The magnetic field exerts force exerts force on other moving charges or electric currents not on stationary charges. That's because a moving charge has magnetic field. Not only a magnet (magnetic field) exerts force on a current, the current also exerts the force on the magnet (by Newton's third law).

The phenomenon of a current exerting force on magnet was first observed by Oersted (compass needle was deflected by current). Current in a conductor means flow of charges.

Let's consider a current carrying conductor (wire) of length \(l\) and cross-sectional area \(A\) (Figure 1). The drift velocity of charges flowing in the conductor is \(v_d\). You know from the expression for the magnetic force on a charge \(q\), \(\vec F = q\vec v \times \vec B\), that is \(F = qvB\sin \theta\).

If \(n\) is the charge per unit volume (concentration) of charges, then the total charge within the length of the conductor is \(nAl\), so the magnetic force on the conductor is

\[F = nAlqv_dB\sin \theta\]

where \(\theta\) is the angle between the magnetic field and the conductor (if the magnetic field makes an angle other than \(90^\circ\) with the conductor). You know the expression of electric current, that is \(I = nqAv_d\), so

\[F = IlB\sin \theta = I \vec l\times \vec B \tag{1} \label{1}\]

The direction of magnetic force is again given by the right hand thumb rule of cross product of vectors. All you have to do is curl the fingers in the direction of in the sense of \(\vec l\) moving into \(\vec B\) keeping the thumb straight up and the thumb gives the direction of force for positive moving charge. If the moving charge is negative, the direction is opposite to the direction of \(\vec l \times \vec B\).

The direction of current is always the direction of flow of positive charge, that is which way the flow of positive charge is directed. While saying the direction of current, you never think that current is a vector quantity.

Note that in a straight current carrying conductor, the length vector \(\vec l\) is directed towards the direction of the flow of positive charge. So, in above figures Figure 1 and Figure 2 you can apply the right hand rule to determine the force to be upward or downward. If the wire is curved, the current is the same regardless of direction but the element of length vector \(d\vec l\) changes direction (it is always tangent to the curve).

In Figure 4 you can see a curved conductor in magnetic field in which the direction of force is directly towards you out of the web page (guessing you are reading in a computer screen or smart phone).

To determine the total force on the the curved conductor, we take the small length element in the conductor \(d \vec l\) and the small magnetic force is \(dF = IdlB\sin\theta\). Now you integrate for the entire length to find the total force

\[ F = I\int dl\,B\sin \theta \tag{2} \label{2}\]

Using above equation, you can determine the magnetic force on any shaped conductor in magnetic field. You'll soon see that the magnetic force on a curved conductor is the same as the magnetic force on a straight conductor joining the two endpoints of the curve.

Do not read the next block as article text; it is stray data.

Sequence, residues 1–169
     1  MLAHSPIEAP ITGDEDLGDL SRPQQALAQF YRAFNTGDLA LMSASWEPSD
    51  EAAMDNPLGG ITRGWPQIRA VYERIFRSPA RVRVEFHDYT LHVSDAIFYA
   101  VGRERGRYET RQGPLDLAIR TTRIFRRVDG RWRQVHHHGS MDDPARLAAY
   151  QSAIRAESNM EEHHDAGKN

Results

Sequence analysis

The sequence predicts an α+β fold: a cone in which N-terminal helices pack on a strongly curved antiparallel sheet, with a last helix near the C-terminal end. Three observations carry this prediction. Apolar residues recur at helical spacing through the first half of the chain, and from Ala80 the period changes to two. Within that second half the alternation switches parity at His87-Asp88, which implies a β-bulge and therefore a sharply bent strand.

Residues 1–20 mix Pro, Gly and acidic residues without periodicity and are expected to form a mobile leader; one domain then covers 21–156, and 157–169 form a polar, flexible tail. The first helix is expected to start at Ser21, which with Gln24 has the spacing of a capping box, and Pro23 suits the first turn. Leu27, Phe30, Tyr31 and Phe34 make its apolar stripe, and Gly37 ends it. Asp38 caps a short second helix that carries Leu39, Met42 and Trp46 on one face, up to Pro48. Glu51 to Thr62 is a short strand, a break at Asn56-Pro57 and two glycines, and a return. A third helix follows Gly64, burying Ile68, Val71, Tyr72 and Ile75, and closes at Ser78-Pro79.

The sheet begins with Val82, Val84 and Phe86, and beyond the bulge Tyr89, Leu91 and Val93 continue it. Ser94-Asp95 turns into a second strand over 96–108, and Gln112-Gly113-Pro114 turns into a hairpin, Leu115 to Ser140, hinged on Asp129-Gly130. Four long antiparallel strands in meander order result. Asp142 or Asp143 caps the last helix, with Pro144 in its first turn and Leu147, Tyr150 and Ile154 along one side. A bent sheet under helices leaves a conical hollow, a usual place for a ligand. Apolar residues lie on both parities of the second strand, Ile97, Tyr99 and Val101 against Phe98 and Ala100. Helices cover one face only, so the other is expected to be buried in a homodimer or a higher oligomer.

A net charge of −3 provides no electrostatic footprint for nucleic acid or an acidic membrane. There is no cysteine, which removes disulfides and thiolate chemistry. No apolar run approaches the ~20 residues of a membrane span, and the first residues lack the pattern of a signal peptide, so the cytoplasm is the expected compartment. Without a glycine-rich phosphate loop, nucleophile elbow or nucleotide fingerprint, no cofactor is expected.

Using Equation \eqref{1} you can also determine the magnetic field \(\vec B\) by measuring the force on a current carrying conductor and hence that equation is considered as the alternative definition of magnetic field. The expression of the magnetic field is determined by the Biot-Savat law based on experiments and Equation \eqref{1} is completely valid with the expression of \(\vec B\).

## What is magnetic force on a curved conductor (semicircle)?

In Figure 5 you can see a semicircular conductor where the magnetic field is perpendicularly outward from the plane of the semicircular conductor of radius \(R\). The current \(I\) exists in the conductor and the conductor experiences magnetic force. To determine the magnetic force on a curved conductor, we consider the conductor as the combination of infinitesimally small elements of length \(dl\) and integrate over the whole curved length.

We have two segments in the semicircular conductor; one is the straight conductor and another is the curved conductor. For the straight portion of the conductor, you can also use Equation \eqref{1} but we use Equation \eqref{2} for consistency (the conductor does not only have straight segment) here.

\[\vec F_1 = I \int ^{R}_{-R} d\vec l \times \vec B =-2IRB \, \hat j\]

Now on the curved portion of the conductor, the small force \(d\vec F_2\) on the small element \(d\vec l\) is

\[d\vec F_2 =I d\vec l \times \vec B = I\,dl\,B\sin \theta \, \hat j \]

The magnetic field \(\vec B \) and \(d\vec l\) are always perpendicular to each other and therefore the angle \(\theta\) is always \(90^\circ\). So the magnitude of force \(d\vec F_2\) is \(I\,dl\,B\). You know that \(dl = R\,d\theta\), so the x-component of \(d\vec F_2\) is \(IRBd\theta \cos \theta\,\hat i\) and the y-component is \(IRBd\theta \sin \theta \, \hat j\). Now to find the total x and y-components we integrate from \(0\) to \(\pi\), that is

\[\vec F_{2x} = IRB\int^\pi_0 \cos \theta \, d\theta \, \hat j = 0\]

\[\vec F_{2y} = IRB\int^\pi_0 \sin \theta \, d\theta \, \hat j = 2IRB \, \hat j\]

It is assumed that you know every step of the integration process, so the final result is shown. Electromagnetism is mathematically demanding and you must know integration! So, the total force \(\vec F_2\) is \(2IRB\,\hat j\).

The interesting result here is that if you sum \(\vec F_1\) and \(\vec F_2\), the result is zero, that is we can conclude that the total magnetic force in a closed loop in a uniform magnetic field is zero. Another fact you may have noticed is that the magnetic force on the curved portion of the conductor is the same as the magnetic force on the straight conductor joining the endpoints of the curved conductor.